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Non-invasive Measurement of RGC Survival by In-vivo Microscopy
1Banaskiewicz R., 1Knop C., 2Bayer A. U., 3Behrens-Baumann W., 1Vorwerk C. K.,
1Otto-von-Guericke-Universität Magdeburg, Klinik und Poliklinik für Augenheilkunde, Forschungslabor II (Magdeburg)
2The Mount Sinai Medical Center, Department of Ophthalmology (New York)
3Otto-von-Guericke-Universität Magdeburg, Universitäts-Augenklinik (Magdeburg)
Purpose: One of the main features of glaucoma is the selective loss of retinal ganglion cell (RGC) neurons. This pilot study was focused on the potential of a new fluorescence stereomicroscope (Leica MZ FLIII) as a noninvasive in vivo method for imaging of RGCs in rat eyes to monitor progression of RGC loss over a period of weeks or months in rat models of RGC loss.
Methods: In vivo fluorescence stereomicroscopy can be carried out easily with the commercially available equipment. For all in vivo experiments adult hooded rats were used within a weight range of 250-300g. Prior retrograde fluorescent labeling of retinal ganglion cells was carried out by injection the fluorescent tracer Fluorogold® into the colliculus superior. After 4-5 days, to allow the tracer to be transported to the cell soma of the retinal ganglion cells, direct imaging of RGC was carried out. The head of the animal was fixed in a three-point device connected to a ball joint for easy positioning. For imaging RGCs, we used the new fluorescence stereomicroscope MZ FLIII (Leica, Germany) with appropriate filters for fluorogold. A video camera system (MV-CAM XC003, Sony, Japan) with a digital imaging computer software (Image-Pro Plus Version 4.1, Media Cybernetics, USA) connected to the microscope was used to store the images.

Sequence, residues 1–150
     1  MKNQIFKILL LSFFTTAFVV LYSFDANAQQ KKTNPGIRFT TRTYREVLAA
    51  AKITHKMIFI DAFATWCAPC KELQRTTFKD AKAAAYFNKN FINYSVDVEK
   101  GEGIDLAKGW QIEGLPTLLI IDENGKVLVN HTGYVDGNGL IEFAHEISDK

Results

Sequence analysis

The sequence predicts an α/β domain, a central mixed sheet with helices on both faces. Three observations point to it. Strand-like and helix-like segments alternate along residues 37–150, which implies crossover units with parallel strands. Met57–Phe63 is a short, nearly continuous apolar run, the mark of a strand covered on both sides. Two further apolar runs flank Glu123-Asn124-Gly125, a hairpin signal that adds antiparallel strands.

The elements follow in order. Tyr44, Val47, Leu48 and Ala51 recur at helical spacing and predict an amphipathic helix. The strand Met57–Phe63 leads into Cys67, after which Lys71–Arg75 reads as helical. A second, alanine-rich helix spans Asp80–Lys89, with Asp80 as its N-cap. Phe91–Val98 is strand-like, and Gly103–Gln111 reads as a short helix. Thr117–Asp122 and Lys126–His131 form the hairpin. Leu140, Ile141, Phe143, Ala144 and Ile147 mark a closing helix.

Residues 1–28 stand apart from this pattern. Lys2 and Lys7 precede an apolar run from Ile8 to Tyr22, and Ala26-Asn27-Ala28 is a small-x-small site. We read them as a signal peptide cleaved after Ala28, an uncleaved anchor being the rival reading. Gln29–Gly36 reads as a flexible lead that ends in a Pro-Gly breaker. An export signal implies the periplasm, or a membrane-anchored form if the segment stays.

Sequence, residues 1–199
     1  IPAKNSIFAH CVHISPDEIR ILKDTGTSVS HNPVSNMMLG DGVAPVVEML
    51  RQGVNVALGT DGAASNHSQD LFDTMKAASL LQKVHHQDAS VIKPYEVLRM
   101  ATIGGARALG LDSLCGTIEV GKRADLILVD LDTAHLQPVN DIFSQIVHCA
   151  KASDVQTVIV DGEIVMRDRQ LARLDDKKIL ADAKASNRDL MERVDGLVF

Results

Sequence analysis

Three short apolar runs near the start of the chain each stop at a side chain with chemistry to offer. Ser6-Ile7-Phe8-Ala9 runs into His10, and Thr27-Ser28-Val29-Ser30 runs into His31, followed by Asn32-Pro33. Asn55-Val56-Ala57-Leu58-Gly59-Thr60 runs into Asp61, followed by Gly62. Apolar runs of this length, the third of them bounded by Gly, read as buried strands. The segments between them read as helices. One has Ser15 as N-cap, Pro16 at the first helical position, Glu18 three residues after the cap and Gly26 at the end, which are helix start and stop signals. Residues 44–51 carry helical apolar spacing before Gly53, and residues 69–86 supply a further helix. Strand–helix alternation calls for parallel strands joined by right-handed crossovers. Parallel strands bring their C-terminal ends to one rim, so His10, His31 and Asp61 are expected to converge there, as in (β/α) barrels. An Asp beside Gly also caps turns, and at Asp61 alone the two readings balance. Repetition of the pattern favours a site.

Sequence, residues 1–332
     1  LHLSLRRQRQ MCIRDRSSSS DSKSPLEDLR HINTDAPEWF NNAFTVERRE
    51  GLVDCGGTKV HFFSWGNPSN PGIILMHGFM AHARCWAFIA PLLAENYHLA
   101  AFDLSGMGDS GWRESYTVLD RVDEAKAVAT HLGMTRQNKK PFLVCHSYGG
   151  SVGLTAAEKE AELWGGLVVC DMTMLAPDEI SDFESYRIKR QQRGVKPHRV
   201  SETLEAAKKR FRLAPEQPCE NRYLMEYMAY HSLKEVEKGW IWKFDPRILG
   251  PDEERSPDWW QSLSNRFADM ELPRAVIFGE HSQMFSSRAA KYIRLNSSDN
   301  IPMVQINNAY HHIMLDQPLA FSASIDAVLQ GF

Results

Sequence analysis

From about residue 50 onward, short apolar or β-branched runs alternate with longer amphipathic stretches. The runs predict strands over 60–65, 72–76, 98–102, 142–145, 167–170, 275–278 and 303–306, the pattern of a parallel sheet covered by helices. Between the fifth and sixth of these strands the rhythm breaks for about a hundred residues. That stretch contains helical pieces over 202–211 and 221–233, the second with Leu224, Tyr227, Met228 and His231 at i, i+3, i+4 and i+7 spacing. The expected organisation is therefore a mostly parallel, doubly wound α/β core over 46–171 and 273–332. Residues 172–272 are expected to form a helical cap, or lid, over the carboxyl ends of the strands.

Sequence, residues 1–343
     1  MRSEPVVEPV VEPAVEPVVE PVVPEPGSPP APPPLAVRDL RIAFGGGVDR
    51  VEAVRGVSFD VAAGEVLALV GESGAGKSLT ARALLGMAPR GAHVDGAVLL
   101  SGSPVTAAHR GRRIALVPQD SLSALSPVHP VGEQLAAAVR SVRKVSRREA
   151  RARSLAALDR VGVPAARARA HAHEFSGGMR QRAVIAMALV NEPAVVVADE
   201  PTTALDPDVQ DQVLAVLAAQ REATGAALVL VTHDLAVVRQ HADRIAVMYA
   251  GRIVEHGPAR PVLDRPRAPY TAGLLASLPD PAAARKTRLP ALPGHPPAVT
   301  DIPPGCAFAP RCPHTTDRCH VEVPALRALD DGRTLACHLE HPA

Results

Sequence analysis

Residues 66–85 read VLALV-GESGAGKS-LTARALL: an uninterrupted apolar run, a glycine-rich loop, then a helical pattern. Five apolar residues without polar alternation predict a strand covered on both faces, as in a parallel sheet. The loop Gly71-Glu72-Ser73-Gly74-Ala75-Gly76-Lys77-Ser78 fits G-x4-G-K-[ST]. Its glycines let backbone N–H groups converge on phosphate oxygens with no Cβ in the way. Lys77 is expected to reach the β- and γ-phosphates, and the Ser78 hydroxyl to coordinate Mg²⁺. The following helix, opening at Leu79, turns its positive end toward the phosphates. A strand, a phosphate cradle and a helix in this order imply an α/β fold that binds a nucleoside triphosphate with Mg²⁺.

Results: The quality of the images allows a quantification of RGC in the stored pictures. For comparison of the same area of the retina, images can be obtained and stored multiple times at various time points.
Conclusions: The availability of noninvasive in vivo imaging of retinal ganglion cells opens new avenues for the research of potential neuroprotective drugs in retinal diseases featuring retinal ganglion cell loss. Ongoing research using this technique will test the usefulness for visualizing dynamic changes, such as retinal ganglion cell loss in the same eye following optic nerve crush, glutamate agonist administration, or elevation of intraocular pressure.